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GINN, BILL

GINN, BILL (1951–2004). William O “Bill” Ginn, pianist and arranger, was born in Mississippi on October 21, 1951. He moved to Texas and attended the University of Texas at Austin in the early 1970s and graduated with a degree in jazz theory and composition in 1974. Ginn was a member of the notable Austin jazz fusion band Passenger, which included guitarist Mitch Watkins and bassist Roscoe Beck. During the late 1970s and into the early 1980s Passenger toured and recorded with singer–songwriter Leonard Cohen.

Heralded as a talented pianist and arranger across multiple musical genres, Ginn worked with singer Jennifer Warnes on her acclaimed album Famous Blue Raincoat: The Songs of Leonard Cohen (1987), and he was nominated for a Grammy for Best Instrumental Arrangement Accompanying Vocal(s) for one of the songs on the record. He toured with Warnes and Cohen during the 1980s and 1990s. He also recorded and performed with Joe Ely during the 1980s. Ginn was noted for his musical arrangements for such artists and groups as Stephen Bruton, Carole King, Alejandro Escovedo, and Asleep at the Wheel. In 1993 he served as musical director of Leonard Cohen’s United States and Canadian tour. He also composed film scores, and his projects included The Man with Two Brains (1983) and Winter People (1989).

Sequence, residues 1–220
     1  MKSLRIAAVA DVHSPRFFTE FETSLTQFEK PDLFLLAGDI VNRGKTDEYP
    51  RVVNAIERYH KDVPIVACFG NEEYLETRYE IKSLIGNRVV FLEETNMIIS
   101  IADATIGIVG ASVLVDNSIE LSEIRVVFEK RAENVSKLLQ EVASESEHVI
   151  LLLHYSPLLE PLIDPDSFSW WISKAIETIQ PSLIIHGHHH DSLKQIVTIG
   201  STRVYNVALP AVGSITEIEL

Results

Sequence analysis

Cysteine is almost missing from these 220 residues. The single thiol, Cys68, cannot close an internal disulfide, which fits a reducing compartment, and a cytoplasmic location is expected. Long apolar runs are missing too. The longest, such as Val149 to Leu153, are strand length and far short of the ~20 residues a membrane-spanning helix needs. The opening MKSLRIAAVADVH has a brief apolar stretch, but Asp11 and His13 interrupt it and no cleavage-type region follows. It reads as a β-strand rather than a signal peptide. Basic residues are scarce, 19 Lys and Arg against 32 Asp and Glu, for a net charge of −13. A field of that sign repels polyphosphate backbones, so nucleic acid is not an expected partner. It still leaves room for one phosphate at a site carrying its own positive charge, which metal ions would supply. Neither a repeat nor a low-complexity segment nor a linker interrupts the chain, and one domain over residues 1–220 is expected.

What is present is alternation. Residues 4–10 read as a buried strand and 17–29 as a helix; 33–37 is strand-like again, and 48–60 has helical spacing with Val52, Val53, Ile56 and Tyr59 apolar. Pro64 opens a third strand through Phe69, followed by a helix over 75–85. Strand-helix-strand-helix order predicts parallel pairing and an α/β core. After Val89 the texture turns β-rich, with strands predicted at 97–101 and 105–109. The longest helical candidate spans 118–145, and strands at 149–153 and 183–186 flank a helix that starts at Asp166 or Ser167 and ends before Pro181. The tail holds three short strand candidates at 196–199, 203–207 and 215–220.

Suffering from hepatitis C, Ginn left Texas and moved back to Mississippi in 2001. He died of liver failure on October 8, 2004, in Lexington, Mississippi. Of her musical colleague, Jennifer Warnes reflected, “Bill had a love of beauty….Musically, he could match you emotion for emotion.”

 

BIBLIOGRAPHY: 

Austin American–Statesman, October 9, 2004; March 31, 2009. William O. Ginn Papers, MS 256, University of Texas at San Antonio Libraries Special Collections.

Laurie E. Jasinski

Citation

The following, adapted from the Chicago Manual of Style, 15th edition, is the preferred citation for this article.

Laurie E. Jasinski, "GINN, BILL," Handbook of Texas Online (http://www.tshaonline.org/handbook/online/articles/fgi61), accessed September 22, 2014. Uploaded on August 7, 2014. Published by the Texas State Historical Association.